Homeless Veterans appeal: MP says Coalition ‘not doing enough’

Homeless Veterans appeal

MP says Coalition ‘not doing enough’ to help
Larry David, Steve Coogan and other comedians share stories of depression in new documentary

Comedians share stories of depression

The director of the new documentary, Kevin Pollak, tells Jessica Barrett how he got them to talk
Has The Archers lost the plot with it's spicy storylines?

Has The Archers lost the plot?

A growing number of listeners are voicing their discontent over the rural soap's spicy storylines; so loudly that even the BBC's director-general seems worried, says Simon Kelner
Human skull discovery in Israel proves humans lived side-by-side with Neanderthals

Human skull discovery in Israel proves humans lived side-by-side with Neanderthals

Scientists unearthed the cranial fragments from Manot Cave in West Galilee
World War Z author Max Brooks honours WW1's Harlem Hellfighters in new graphic novel

Max Brooks honours Harlem Hellfighters

The author talks about race, legacy and his Will Smith film option to Tim Walker
Why the league system no longer measures up

League system no longer measures up

Jon Coles, former head of standards at the Department of Education, used to be in charge of school performance rankings. He explains how he would reform the system
Valentine's Day cards: 5 best online card shops

Don't leave it to the petrol station: The best online card shops for Valentine's Day

Can't find a card you like on the high street? Try one of these sites for individual, personalised options, whatever your taste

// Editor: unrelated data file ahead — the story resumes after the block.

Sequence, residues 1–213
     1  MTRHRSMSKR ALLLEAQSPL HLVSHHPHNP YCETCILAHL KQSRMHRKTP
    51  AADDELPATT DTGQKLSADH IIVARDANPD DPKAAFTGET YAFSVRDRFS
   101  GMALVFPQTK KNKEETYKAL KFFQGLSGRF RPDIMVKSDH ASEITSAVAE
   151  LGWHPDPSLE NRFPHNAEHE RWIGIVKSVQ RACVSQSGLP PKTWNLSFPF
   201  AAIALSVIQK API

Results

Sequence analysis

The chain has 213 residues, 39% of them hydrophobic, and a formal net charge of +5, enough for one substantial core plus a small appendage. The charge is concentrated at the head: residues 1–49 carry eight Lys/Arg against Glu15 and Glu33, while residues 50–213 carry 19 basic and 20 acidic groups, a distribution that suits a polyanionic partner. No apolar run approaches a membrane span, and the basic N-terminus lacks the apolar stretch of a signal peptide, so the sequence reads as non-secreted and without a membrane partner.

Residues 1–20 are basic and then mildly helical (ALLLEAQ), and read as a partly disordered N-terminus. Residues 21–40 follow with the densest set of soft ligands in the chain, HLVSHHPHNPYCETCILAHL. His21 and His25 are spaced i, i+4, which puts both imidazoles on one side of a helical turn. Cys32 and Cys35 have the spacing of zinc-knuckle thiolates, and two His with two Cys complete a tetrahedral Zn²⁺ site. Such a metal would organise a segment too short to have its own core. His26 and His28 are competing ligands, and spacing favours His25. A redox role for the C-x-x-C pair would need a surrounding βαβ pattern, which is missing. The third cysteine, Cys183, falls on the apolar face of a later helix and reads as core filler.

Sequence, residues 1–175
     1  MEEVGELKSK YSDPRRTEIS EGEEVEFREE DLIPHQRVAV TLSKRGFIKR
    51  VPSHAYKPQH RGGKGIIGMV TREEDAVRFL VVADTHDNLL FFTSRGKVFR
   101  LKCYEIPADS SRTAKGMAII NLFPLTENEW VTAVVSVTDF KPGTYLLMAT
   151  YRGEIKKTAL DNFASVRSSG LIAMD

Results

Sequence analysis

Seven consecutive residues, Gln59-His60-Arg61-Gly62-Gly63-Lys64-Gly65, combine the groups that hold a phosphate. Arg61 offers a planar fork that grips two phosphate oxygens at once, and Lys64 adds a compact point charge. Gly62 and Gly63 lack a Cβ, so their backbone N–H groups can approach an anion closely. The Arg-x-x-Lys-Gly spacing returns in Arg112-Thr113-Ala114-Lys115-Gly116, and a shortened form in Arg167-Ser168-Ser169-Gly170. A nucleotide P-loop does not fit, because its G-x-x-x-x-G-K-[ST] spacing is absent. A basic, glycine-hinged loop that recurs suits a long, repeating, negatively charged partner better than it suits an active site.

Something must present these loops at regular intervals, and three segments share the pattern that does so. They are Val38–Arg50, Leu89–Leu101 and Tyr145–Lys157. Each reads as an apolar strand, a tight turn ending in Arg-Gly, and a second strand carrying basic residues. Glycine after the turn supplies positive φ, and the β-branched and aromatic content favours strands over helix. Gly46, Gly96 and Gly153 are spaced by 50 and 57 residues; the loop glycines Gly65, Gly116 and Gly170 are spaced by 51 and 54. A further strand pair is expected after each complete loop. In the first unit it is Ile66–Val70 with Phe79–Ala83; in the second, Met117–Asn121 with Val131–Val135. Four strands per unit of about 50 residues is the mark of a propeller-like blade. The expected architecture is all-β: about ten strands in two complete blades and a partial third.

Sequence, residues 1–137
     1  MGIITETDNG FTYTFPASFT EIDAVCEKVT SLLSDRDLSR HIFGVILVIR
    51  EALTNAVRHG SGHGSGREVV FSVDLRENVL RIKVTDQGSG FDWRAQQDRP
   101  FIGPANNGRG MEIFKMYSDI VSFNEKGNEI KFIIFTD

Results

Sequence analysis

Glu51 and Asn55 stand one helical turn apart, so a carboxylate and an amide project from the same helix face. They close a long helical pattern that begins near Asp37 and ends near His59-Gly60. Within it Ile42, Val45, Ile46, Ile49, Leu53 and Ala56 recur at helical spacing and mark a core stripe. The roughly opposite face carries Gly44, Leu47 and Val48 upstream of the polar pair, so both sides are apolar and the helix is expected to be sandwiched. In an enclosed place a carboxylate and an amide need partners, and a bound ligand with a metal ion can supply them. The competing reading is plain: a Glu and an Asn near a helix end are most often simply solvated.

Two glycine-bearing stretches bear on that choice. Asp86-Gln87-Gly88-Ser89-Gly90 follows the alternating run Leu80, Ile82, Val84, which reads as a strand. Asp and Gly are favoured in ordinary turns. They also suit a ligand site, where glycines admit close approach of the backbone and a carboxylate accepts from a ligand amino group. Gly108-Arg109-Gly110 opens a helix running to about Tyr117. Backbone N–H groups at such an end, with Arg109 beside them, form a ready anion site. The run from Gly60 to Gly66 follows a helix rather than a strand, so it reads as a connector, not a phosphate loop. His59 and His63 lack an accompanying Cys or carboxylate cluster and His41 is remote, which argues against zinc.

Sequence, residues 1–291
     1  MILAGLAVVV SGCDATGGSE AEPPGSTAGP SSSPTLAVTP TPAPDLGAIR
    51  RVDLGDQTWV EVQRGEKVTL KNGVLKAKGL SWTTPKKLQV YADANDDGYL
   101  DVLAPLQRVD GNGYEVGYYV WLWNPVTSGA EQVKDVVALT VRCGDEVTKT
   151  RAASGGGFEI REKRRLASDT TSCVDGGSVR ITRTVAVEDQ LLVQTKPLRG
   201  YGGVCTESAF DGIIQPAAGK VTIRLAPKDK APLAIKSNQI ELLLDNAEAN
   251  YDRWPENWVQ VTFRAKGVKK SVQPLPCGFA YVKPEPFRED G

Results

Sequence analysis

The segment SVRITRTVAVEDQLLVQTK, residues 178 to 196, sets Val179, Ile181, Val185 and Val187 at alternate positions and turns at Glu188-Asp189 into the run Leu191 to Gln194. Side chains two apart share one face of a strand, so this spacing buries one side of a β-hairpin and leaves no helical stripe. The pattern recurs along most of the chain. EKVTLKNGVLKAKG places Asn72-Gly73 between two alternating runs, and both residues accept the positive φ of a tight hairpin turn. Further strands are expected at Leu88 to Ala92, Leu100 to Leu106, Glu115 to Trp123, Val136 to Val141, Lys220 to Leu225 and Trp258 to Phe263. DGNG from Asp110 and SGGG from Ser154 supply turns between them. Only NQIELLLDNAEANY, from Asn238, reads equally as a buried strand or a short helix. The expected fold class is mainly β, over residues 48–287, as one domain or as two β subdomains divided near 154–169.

Greece elections: In times like these, the EU has far more dangerous adversaries than Syriza

Greece elections

In times like these, the EU has far more dangerous adversaries than Syriza, says Patrick Cockburn
Holocaust Memorial Day: Nazi victims remembered as spectre of prejudice reappears

Holocaust Memorial Day

Nazi victims remembered as spectre of prejudice reappears over Europe
Fortitude and the Arctic attraction: Our fascination with the last great wilderness

Magnetic north

The Arctic has always exerted a pull, from Greek myth to new thriller Fortitude. Gerard Gilbert considers what's behind our fascination with the last great wilderness
Homeless Veterans appeal: Homeless in Wales can find inspiration from Daniel’s story

Homeless Veterans appeal

Homeless in Wales can find inspiration from Daniel’s story
Front National family feud? Marine Le Pen and her relatives clash over French far-right party's response to Paris terror attacks

Front National family feud?

Marine Le Pen and her relatives clash over French far-right party's response to Paris terror attacks
Pot of gold: tasting the world’s most expensive tea

Pot of gold

Tasting the world’s most expensive tea